Taking its name from Ailie of Ardross, Elie united with Earlsferry in 1929 and has become a very popular holiday resort, especially because of the long golden beaches and watersport activities. Before bridges were built at Queensferry there were regular ferries sailing across to Dunbar, unfortunately this has long gone.
Right at the end of the harbour stands a building that used to be a granary and from where the harbour evolved in 1582. The harbour curves round the bay offering shelter to the beach and novice windsurfers. From the beach you can walk from on end of Elie right out to the far end of Earlsferry. Coming back you pass the beautiful 18 hole golf course, at the back of which used to be a quarry.
In the centre of the village is the rather quaint Parish Church. A typical T shaped church with the pulpit in the middle has seen many changes over the centuries since 1639. The tower at the south side was commissioned in 1726 Sir John Anstruther and has a strange connection in that the clock mechanism that was housed in the tower now drives the floral clock in Edinburgh's Princess street Gardens. The tower only has three faces because when it was built there were no houses north of the church.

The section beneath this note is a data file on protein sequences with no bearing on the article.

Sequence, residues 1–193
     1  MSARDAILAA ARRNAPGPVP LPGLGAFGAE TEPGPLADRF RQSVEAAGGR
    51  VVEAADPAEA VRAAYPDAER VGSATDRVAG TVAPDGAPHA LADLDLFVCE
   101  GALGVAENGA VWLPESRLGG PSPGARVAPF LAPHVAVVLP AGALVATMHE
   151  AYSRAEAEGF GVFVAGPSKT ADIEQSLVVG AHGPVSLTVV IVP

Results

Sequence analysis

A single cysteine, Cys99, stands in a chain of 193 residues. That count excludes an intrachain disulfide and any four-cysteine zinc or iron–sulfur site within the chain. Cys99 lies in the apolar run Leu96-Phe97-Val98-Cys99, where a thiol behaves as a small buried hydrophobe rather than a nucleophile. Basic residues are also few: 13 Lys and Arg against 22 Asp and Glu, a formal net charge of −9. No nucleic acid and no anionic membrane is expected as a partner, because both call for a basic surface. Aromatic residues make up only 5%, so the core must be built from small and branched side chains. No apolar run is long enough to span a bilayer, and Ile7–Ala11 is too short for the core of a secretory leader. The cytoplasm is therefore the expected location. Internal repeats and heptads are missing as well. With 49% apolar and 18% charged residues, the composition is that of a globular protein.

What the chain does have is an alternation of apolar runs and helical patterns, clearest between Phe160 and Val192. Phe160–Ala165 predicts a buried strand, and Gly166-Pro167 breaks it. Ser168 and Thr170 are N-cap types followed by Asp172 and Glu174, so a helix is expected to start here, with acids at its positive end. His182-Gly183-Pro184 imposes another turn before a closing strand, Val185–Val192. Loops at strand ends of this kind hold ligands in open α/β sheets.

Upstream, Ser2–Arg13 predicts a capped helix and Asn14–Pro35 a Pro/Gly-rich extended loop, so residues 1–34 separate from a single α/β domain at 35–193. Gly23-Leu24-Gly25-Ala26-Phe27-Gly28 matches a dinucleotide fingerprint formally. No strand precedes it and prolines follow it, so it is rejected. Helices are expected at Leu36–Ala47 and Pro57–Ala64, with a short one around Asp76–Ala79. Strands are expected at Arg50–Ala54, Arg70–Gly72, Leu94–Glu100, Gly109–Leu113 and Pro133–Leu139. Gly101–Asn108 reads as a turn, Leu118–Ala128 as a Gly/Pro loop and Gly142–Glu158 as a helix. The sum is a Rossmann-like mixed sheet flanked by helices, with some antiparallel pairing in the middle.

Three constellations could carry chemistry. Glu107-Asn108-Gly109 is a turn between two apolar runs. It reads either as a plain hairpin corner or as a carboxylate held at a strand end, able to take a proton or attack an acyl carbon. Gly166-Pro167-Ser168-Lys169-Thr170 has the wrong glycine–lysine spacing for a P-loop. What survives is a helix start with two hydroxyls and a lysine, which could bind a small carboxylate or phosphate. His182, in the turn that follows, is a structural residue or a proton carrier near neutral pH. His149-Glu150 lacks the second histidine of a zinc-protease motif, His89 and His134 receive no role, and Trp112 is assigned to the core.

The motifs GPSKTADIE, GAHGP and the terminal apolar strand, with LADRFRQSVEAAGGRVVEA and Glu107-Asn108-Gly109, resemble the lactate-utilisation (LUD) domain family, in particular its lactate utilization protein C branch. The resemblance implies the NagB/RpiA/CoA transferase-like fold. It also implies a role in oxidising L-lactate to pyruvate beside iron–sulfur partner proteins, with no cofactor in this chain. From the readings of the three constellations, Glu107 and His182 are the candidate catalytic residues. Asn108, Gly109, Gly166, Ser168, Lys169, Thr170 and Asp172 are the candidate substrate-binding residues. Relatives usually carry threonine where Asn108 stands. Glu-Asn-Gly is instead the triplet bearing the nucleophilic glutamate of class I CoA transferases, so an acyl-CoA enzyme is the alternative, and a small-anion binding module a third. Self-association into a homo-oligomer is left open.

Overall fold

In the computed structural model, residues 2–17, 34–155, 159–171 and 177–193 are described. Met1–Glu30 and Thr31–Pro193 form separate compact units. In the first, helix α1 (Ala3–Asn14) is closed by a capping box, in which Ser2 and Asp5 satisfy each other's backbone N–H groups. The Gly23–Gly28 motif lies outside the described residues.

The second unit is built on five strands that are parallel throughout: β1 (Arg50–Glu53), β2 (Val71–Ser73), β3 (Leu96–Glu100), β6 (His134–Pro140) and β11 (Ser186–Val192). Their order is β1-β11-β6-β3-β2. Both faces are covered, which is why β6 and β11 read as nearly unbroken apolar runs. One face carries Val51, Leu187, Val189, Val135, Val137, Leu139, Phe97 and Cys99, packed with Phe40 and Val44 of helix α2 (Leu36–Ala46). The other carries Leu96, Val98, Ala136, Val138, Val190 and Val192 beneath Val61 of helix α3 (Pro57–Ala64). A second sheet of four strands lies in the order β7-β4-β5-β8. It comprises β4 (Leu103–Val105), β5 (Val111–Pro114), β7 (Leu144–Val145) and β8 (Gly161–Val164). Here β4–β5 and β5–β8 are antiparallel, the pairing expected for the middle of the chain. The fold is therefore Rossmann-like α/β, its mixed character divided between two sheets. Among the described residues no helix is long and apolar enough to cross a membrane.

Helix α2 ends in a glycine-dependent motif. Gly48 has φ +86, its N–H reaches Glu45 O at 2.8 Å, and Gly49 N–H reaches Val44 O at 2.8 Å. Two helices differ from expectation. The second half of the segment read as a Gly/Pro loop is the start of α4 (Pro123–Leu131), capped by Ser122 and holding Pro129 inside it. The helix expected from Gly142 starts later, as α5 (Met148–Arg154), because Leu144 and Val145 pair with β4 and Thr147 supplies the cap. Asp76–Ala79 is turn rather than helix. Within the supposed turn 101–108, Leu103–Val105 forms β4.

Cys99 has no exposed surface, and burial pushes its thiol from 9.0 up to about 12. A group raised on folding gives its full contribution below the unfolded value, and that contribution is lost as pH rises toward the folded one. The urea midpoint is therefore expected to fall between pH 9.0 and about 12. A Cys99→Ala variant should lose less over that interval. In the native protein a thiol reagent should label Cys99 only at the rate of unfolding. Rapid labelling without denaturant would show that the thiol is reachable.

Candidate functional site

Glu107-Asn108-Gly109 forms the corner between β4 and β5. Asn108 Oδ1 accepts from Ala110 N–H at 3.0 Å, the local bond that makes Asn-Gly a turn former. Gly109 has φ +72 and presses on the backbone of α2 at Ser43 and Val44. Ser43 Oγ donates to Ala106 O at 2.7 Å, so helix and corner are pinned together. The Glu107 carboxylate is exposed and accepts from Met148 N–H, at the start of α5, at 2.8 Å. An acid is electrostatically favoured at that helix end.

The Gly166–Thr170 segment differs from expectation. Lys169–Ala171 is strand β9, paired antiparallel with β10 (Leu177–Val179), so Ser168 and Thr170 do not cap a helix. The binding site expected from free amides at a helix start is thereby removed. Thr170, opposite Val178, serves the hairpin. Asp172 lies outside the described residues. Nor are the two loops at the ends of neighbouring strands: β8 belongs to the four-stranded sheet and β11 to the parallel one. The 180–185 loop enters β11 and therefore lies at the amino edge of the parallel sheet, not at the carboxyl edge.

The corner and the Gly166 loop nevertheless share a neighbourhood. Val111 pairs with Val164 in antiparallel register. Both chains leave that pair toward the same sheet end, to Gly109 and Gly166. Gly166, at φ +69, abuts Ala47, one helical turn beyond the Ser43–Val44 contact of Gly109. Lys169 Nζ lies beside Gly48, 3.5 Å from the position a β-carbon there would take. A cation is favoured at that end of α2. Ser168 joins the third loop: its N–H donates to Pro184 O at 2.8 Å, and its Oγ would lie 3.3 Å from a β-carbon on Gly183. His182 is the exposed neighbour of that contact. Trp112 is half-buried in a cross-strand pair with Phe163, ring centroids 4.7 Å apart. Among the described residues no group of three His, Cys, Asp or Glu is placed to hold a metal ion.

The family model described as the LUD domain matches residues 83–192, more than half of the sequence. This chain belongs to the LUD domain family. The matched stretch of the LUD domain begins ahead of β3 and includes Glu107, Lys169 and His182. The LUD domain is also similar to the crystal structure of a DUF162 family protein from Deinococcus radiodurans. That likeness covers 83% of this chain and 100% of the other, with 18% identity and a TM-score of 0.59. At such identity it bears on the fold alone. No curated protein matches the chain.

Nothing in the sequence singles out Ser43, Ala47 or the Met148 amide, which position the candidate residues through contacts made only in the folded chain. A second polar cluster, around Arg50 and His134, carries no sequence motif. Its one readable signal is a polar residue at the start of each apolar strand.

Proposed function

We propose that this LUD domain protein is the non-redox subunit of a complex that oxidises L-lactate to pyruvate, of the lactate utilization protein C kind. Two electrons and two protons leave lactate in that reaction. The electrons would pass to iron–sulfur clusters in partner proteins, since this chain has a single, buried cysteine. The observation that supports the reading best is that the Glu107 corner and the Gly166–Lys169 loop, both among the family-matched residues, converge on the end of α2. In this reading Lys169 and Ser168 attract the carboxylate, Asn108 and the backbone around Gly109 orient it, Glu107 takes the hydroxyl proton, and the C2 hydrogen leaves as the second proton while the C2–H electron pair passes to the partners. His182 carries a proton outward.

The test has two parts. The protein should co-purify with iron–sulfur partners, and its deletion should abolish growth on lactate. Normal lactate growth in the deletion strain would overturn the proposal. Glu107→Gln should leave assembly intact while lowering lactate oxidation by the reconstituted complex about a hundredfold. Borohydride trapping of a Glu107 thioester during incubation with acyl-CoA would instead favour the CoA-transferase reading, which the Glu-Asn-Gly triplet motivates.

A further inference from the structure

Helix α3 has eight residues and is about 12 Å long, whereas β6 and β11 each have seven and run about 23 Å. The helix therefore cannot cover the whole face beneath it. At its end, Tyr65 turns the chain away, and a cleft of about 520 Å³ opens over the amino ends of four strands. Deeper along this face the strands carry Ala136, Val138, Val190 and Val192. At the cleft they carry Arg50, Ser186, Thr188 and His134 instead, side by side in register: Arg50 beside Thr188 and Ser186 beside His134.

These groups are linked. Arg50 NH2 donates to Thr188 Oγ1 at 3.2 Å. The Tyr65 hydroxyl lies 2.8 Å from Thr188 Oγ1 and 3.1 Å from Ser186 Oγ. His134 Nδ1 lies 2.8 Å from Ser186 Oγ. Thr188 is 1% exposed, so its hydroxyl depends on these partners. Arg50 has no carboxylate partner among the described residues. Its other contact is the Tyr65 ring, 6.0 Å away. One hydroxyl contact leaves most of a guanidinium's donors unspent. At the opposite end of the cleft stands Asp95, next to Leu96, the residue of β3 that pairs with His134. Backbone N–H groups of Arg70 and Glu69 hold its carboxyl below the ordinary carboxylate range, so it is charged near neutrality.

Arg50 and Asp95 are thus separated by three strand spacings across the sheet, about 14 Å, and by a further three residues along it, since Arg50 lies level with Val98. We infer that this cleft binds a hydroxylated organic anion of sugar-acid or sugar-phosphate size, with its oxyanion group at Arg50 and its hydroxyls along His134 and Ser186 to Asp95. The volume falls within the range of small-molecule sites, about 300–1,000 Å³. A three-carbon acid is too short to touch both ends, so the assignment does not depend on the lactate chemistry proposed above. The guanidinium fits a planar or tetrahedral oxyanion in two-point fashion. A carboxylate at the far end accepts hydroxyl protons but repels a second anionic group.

Leading out round the coast you come to the light house and Lady's Tower, this was a summerhouse for Lady Janet Anstruther of Elie House. When she went bathing there was a rocky vaulted chamber in which she would change and when she did so a bellman would walk through the streets warning local people to stay away.